Modern anti-HIV drugs target several different stages of the HIV life cycle, and several of the enzymes that HIV requires to replicate and survive. Some of the commonly used anti-HIV drugs include nucleoside reverse transcriptase inhibitors such as AZT, ddI, ddC, d4T, 3TC, and abacavir; nucleotide reverse transcriptase inhibitors such as tenofovir; non-nucleoside reverse transcriptase inhibitors such as nevirapine, efavirenz and delavirdine; protease inhibitors such as saquinavir, ritonavir, indinavir, nelfinavir, amprinavir, lopinavir and atazanavir; and fusion inhibitors such as enfuvirtide. However, in many HIV infected patients, none of these antiviral drugs, alone or in combination, is effective to prevent the progression of chronic infection or treat acute AIDS. The high mutation rate of the HIV virus and associated emergence of HIV strains resistant to drugs is one large factor that results in the inability to effectively treat HIV infection. New and better treatments are required for HIV infection.

SUMMARY OF THE INVENTION

The present invention relates to compositions and methods of use of cupredoxins and/or cytochrome C551 and their use to inhibit viral infections in mammalian cells, and in particular HIV infection. Specifically, the present invention relates to compositions comprising the peptides Pseudomonas aeruginosa azurin and/or cytochrome C551, and/or variants and/or derivatives thereof, and methods to use these compositions and peptides to inhibit the growth of HIV-1 infection in mammalian cells and patients. The invention also relates to variants and derivatives of cupredoxin and cytochrome C551 that retain the ability to inhibit the growth of viral infection, and in particular infection by the HIV.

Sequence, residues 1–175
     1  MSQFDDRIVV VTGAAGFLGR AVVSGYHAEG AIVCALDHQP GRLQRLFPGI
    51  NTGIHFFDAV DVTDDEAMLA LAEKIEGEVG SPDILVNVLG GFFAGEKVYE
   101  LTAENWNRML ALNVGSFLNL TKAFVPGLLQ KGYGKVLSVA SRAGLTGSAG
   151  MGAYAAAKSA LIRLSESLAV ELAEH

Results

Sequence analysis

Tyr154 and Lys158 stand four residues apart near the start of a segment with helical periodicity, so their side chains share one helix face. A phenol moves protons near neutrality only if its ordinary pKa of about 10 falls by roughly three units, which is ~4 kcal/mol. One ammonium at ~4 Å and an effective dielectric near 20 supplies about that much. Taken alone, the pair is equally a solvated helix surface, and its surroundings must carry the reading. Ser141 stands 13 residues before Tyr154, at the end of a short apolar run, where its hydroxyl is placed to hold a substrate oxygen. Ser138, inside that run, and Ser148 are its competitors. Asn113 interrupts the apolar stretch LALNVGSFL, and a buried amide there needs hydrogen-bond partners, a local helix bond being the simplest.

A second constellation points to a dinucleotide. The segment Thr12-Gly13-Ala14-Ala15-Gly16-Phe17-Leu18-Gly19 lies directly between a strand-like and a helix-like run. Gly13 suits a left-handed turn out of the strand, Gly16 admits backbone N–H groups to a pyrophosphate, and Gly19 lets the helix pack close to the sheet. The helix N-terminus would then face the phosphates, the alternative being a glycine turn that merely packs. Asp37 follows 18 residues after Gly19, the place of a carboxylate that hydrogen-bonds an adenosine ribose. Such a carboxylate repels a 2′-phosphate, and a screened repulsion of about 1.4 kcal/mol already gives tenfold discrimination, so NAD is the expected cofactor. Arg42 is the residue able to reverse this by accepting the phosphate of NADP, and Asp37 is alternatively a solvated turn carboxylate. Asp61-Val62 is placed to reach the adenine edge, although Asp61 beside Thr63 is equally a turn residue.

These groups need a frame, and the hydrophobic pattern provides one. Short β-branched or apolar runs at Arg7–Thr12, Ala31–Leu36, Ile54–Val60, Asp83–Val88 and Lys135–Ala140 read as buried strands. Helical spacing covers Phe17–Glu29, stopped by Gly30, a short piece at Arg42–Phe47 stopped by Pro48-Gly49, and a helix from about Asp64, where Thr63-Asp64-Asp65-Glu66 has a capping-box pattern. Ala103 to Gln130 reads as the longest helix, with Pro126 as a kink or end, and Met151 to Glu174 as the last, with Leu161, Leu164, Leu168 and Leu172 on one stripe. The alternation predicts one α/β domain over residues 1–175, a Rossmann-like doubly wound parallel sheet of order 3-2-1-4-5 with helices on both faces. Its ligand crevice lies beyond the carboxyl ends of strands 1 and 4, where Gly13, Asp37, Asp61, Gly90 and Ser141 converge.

One aspect of the invention is an isolated peptide that is a variant, derivative or structural equivalent of a cupredoxin or cytochrome C551 and that can inhibit the growth of HIV-1 infection in mammalian cells. In some embodiments, the cupredoxin is azurin, pseudoazurin, plastocyanin, rusticyanin, Laz or auracyanin, and specifically azurin or Laz. In other embodiments, the cupredoxin is from Pseudomonas aeruginosa, Alcaligenes faecalis, Achromobacter xylosoxidan, Bordetella bronchiseptica, Methylomonas sp., Neisseria meningitidis, Neisseria gonorrhea, Pseudomonas fluorescens, Pseudomonas chlororaphis, Xylella fastidiosa or Vibrio parahaemolyticus, and specifically Pseudomonas aeruginosa or Neisseria gonorrhea. In some embodiments, the peptide is part of one of SEQ ID NOS: 1-17. In some embodiments, the peptide has at least about 90% amino acid sequence identity to a sequence in SEQ ID NOS: 1-17.